Famed gynecologist J. Marion Sims, who drew prominence in the 1800s, has been honored outside of the New York Academy of Medicine for his innovation in the profession. However, throughout his career, he would often conduct experiments on black female slaves who he tested surgeries on without anesthesia because he reportedly claimed that “black women don’t feel pain.”
In August, 100 protestors in the Black Youth Project (BYP100) staged a protest that called for the permanent removal of his statue in New York. Four black female members of BYP100 stood in front of Sims’ statue wearing medical gowns with pink stains simulating blood on the front.
On Monda, the city Public Design Commission voted to remove the statue of Dr. Sims, according to ABC 7.
J. Marion Sims was a gynecologist in the 1800s who purchased Black women slaves and used them as guinea pigs for his untested surgical experiments. He repeatedly performed genital surgery on Black women without anesthesia because according to him, "Black women don't feel pain." pic.twitter.com/3u2DLZFzdD— Jemisha (@JemiSHaaaZzz) January 27, 2018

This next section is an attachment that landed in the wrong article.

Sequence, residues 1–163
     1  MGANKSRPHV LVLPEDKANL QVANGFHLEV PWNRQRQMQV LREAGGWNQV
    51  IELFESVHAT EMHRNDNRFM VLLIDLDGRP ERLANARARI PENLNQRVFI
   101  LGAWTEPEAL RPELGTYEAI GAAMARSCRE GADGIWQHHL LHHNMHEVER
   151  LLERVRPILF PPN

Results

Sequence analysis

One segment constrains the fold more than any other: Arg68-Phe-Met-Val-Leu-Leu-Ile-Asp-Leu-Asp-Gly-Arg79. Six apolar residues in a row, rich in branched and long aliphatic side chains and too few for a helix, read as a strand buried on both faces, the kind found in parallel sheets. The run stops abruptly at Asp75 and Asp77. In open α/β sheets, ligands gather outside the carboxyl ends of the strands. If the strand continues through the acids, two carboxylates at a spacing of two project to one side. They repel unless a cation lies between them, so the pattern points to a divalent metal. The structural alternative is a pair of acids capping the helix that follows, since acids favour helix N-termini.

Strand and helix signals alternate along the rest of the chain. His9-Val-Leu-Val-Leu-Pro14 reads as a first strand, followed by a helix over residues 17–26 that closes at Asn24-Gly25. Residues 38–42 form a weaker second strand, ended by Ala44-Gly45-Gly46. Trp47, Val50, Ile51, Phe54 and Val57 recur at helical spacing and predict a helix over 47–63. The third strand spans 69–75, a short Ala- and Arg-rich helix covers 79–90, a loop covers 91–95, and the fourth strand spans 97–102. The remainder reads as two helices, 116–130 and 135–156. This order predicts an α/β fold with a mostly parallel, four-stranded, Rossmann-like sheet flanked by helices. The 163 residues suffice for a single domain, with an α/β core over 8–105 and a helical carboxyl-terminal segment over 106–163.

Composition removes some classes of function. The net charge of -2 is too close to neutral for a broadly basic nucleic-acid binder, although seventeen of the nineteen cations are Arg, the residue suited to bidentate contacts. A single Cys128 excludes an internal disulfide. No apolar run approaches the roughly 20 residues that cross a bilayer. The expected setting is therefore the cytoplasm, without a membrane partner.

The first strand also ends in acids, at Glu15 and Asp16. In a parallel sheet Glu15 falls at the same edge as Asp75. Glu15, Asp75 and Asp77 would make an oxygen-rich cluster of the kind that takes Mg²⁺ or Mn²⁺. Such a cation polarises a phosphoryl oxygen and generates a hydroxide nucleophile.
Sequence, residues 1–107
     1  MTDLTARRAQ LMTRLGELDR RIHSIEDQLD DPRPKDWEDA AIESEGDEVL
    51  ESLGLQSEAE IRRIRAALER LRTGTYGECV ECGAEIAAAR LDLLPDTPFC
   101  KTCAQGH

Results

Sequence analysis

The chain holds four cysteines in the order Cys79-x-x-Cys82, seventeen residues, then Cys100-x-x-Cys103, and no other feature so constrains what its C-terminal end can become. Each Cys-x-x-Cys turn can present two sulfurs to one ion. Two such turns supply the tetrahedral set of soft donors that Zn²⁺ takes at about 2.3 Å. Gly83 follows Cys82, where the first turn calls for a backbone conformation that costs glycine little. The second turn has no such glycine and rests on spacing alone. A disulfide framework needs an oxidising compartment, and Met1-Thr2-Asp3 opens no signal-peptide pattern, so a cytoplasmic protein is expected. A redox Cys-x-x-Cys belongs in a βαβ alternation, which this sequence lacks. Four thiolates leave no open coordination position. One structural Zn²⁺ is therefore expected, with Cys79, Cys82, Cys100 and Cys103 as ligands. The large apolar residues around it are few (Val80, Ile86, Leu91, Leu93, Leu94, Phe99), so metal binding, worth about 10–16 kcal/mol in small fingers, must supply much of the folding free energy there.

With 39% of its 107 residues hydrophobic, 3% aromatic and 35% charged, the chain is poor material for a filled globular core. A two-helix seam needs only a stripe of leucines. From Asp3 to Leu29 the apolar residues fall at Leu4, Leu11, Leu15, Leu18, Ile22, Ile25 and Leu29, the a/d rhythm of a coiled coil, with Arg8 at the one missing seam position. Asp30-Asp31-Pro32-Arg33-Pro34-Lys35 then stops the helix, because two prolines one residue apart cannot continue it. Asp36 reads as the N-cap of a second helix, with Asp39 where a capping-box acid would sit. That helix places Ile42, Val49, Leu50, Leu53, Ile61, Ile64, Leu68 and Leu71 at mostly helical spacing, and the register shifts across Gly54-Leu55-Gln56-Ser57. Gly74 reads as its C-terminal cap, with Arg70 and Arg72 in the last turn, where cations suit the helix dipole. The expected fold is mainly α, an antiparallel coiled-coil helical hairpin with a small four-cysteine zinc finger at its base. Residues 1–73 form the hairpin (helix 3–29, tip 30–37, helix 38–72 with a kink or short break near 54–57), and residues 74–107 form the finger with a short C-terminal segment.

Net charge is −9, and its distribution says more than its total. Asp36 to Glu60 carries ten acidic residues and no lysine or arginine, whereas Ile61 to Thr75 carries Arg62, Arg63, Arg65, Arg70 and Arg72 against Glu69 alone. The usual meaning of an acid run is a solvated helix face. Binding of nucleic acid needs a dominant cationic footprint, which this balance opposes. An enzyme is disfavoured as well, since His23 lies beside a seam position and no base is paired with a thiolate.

“Black women continue to suffer worse health outcomes than white women," BYP100 protest organizer Seshat Mack told the HuffPost. "In the United States, black women are still two-to-six times more likely to die during childbirth than white women. The institution of reproductive health was built on the exploitation of black women, but this very institution continues to underserve black women.”
According to New York Daily News, the statue will be relocated to Sims’ gravesite at the Green-Wood Cemetery in Brooklyn. A plaque bearing Sims’ information will stand in the statue’s place, along with information regarding the controversial nature of the statue’s placement.
“Memorializing white supremacy is an American problem, not just a southern one,” Mack told HuffPost. “And it’s a problem that we need to reckon with as a country.”
When rallies started in summer 2013, protestors began by vandalizing the statue with red paint and writing “racist” across its body. Though the statue is now down, it was only one of two statues commemorating Sims’ memory. The other remains standing in Sims’ hometown of Columbia, South Carolina.
Modern medicine continues to use Sims’ practices, including the speculum which aids in the dilation of the vaginal canal. He also established the first women’s hospital in New York City. These accomplishments, however, were built from the discoveries he gathered from the pain of the black women in his experiments.
“This is a really cute first step,” Mack said. “But the next step (and the harder step) is ensuring that removal of these racist, white supremacist statues isn’t simply symbolic.”
Update: We recently stated that the statue was removed. It was announced that the statue is only being relocated and BYP100 is continuing their work to get it permanently removed.